Final Exam - This will be an essay written during the final class period. Your essay will focus on three works that you read for this class. You will have a choice of texts, a choice of topics, and a choice of forms in which to write. (For example, you might write a unit plan rationale or a critical essay focusing on a technique or theme.) Your essay should show awareness of the secondary works available to you in print and on line, and you should support your points with details from the novels and picture books we have read. Open book. You may bring a double-sided pages of notes or an outline to the exam. You must bring a properly formatted Works Cited or References page.

*Graduate Students taking this course for graduate credit will do several extra critical readings, share information and ideas from these with the class, and turn in a more formal research paper (conference length) in lieu of the final. Grades+ Brief Descriptions of Major Assignments

Points Book Talk(s): Self-Selected Reading 50 points Reading Log with Mid-Term Response 200 points Participation at Mid-Term (discussion+ group work) 100 points Reading Log at End 200 points Participation at End (discussion, group work, attendance) 150 points Final Exam Essay 200 points

[or Graduate Student Conference Paper 300 points]

Grades A= 91% and above

B =81%, etc.

Responsibilities And Policies

1.) Keep in touch! If you are experiencing temporary difficulties, please contact me as soon as possible so we can work something out together. 2.) Attendance counts. Participation too. If you have more than one (1) un-excused absence, you will lose 50 points. 3.) Plagiarism is the act of taking someone else's words or ideas and presenting them as your own, without giving oral or written credit to the author. This is a serious academic offense, which could result in a failing grade for the plagiarized assignment or this course, and might incur other university penalties as well. At the very least, any work with problematic citations will have to be revised before it can receive a grade. Consultants in the Writing Center (down the hall in 3110) can answer questions about when and how to quote, paraphrase, summarize and properly cite your sources. Drop in or call (581-5929) to make an appointment to work with a consultant at any point in the writing process. The Writing Center is open Monday through Thursday 9 am - 3 during most of the summer session. 4.) Use the latest version of MLA or APA-style documentation for citations. 5.) Students with documented disabilities should contact the Office of Disability Services (581-6583) so we can work out appropriate accommodations. 6.) You must complete all major assignments to pass this course. Selected Bibliography English 4905: African American Youth Lit.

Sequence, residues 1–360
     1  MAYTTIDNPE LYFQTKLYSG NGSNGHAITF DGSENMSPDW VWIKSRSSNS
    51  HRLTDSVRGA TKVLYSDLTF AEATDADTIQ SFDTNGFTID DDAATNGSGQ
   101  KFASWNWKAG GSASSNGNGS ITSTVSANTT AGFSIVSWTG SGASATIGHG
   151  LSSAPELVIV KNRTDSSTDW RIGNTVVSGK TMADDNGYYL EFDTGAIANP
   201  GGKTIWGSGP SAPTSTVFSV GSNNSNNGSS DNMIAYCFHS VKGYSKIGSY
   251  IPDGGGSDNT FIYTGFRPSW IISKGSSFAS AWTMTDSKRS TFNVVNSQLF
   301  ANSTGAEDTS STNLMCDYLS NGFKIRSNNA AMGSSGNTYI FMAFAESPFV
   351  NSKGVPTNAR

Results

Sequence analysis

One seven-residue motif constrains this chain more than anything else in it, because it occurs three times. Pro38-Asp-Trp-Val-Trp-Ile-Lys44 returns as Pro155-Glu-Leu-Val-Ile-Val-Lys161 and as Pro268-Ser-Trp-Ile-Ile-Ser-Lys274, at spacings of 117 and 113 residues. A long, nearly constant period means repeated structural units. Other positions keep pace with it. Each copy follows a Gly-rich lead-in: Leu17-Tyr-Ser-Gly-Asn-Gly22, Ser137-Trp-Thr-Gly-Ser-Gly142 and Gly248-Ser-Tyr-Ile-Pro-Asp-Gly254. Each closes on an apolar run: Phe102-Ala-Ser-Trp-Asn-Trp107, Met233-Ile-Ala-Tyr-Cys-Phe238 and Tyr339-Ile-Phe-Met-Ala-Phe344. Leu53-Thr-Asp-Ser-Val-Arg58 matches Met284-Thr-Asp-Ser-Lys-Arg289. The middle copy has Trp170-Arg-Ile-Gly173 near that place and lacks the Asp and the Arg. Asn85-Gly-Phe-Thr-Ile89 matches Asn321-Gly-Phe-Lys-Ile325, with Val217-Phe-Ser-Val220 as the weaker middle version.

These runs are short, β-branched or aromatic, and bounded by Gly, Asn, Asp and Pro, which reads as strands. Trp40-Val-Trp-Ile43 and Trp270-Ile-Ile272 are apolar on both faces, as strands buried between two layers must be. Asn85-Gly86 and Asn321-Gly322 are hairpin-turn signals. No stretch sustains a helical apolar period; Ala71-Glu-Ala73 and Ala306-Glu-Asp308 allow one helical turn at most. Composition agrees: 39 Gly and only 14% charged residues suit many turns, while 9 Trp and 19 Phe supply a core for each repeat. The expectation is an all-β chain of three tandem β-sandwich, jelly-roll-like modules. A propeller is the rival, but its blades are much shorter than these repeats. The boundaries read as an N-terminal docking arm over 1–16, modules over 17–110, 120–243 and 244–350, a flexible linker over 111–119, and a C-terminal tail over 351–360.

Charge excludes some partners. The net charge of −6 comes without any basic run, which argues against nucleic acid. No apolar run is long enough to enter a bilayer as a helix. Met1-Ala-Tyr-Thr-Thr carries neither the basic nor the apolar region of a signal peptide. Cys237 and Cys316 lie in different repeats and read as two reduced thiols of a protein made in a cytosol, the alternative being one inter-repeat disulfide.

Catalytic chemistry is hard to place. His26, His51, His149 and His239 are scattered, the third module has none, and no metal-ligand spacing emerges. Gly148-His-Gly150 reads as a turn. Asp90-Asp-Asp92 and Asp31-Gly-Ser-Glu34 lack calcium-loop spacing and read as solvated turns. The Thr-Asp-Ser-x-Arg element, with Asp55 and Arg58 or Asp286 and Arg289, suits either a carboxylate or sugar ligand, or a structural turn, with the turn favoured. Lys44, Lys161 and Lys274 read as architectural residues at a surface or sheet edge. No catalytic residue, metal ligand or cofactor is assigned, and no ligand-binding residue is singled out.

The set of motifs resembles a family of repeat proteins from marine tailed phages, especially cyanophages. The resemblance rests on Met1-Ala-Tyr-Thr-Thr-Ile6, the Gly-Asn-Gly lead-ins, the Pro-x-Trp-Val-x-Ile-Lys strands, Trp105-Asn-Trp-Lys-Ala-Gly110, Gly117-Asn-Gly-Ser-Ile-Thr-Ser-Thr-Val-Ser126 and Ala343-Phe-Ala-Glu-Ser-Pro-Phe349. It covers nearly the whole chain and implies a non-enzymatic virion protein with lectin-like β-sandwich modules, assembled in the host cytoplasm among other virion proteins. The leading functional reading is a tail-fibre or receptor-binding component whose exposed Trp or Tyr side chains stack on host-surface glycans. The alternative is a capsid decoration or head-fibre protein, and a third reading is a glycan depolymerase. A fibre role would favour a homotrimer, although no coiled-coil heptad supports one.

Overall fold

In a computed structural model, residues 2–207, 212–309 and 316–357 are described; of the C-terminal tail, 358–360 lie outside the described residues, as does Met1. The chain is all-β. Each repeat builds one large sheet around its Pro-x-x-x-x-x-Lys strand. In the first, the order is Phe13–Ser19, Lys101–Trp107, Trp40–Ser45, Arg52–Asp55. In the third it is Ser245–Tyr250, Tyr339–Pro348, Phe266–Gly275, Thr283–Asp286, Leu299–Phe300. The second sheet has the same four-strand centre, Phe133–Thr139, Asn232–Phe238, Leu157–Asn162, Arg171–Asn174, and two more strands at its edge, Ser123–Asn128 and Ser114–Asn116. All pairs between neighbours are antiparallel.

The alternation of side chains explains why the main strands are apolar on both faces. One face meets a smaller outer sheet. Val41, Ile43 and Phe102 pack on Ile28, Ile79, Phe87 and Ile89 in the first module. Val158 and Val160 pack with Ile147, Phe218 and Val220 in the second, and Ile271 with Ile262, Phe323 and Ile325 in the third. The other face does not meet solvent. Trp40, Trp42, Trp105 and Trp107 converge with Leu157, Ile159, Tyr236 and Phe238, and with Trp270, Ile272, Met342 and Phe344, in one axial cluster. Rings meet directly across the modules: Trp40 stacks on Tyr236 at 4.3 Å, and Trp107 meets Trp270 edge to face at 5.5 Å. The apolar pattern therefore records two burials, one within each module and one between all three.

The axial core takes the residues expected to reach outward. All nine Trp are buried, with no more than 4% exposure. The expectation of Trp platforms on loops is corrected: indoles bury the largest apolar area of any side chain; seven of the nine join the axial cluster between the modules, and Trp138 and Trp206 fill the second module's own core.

Criticism as Historical Context (in chronological order) Hughes, Langston. "Books and the Negro Child." Children's Library Services 4 (1932): 108- 110.

Larrick, Nancy. "The All-White World of Children's Books." Saturday Review 48 (11 September 1965): 63-65.

Sterling, Dorothy. Excerpt from "The Soul of Learning" (1968) in The Black American in Books for Children: Readings on Racism, second edition. Ed. Donnarae MacCann and Gloria Woodard. Metuchen, N.J.:Scarecrow Press, 1985.

Myers, Walter Dean. "The Black Experience in Children's Books: One Step Forward, Two Steps Back." Interracial Books for Children Bulletin 10:6 (1979): 14-15. Reprinted in The Black American in Books for Children: Readings on Racism, second edition. Ed. Donnarae MacCann and Gloria Woodard. Metuchen, N.J.:Scarecrow Press, 1985: 222-226.

Bishop, Rudine Sims. "What Has Happened to the 'All-White' World of Children's Books?" Phi Delta Kappan 64 (May 1983): 650-653. [condensed version of 1982 NCTE book: Shadow & Substance: Afro-American Experience in Contemporary Children's Fiction]

The Brownies' Book: Two Critical Approaches Harris, Violet J. "Race Consciousness, Refinement, and Radicalism: Socialization in The Brownies' Book." Children's Literature Association Quarterly 14.3 (Winter 1989): 192-196.. [Raymond Williams, "selective tradition"]

Kory, Fern. "Once Upon a Time in Aframerica: The "Peculiar" Significance of Fairies in The Brownies' Book." Children's Literature 29 (2001): 91-112 .. [Henry Louis Gates, Jr., "signifying"]

Cultural Authenticity & Authority Bishop, Rudine Sims. "Reframing the Debate about Cultural Authenticity" in Stories Matter: The Complexity of Cultural Authenticity in Children's Literature. Ed. Dana L. Fox and Kathy G. Short. Champaign, IL: NCTE, 2003: 25-37.

Henderson, Darwin L. "Authenticity and Accuracy: The Continuing Debate" in Exploring Culturally Diverse Literature for Children and Adolescents. ed. Darwin L. Henderson and Jill P. May. Pearson, 2005: 266-276.

Mikkelsen, Nina. "Insiders, Outsiders, and the Question of Authenticity: Who Shall Write for African American Children?" African American Review 32 (1998): 33-50.

Rochman, Hazel. "Against Borders," Hornbook Magazine (/April 1995). Available in Virtual History Exhibit ht;!p_:_/Lhh.Qok,cQm.L~~l1ilillL."1r!ic~_rochm.i!J1.hJml

Taxel, Joel. "Multicultural Literature and the Politics of Reaction" in Stories Matter: The Complexity of Cultural Authenticity in Children's Literature. Ed. Dana L. Fox and Kathy G. Short. Champaign, IL: NCTE, 2003: 143-164.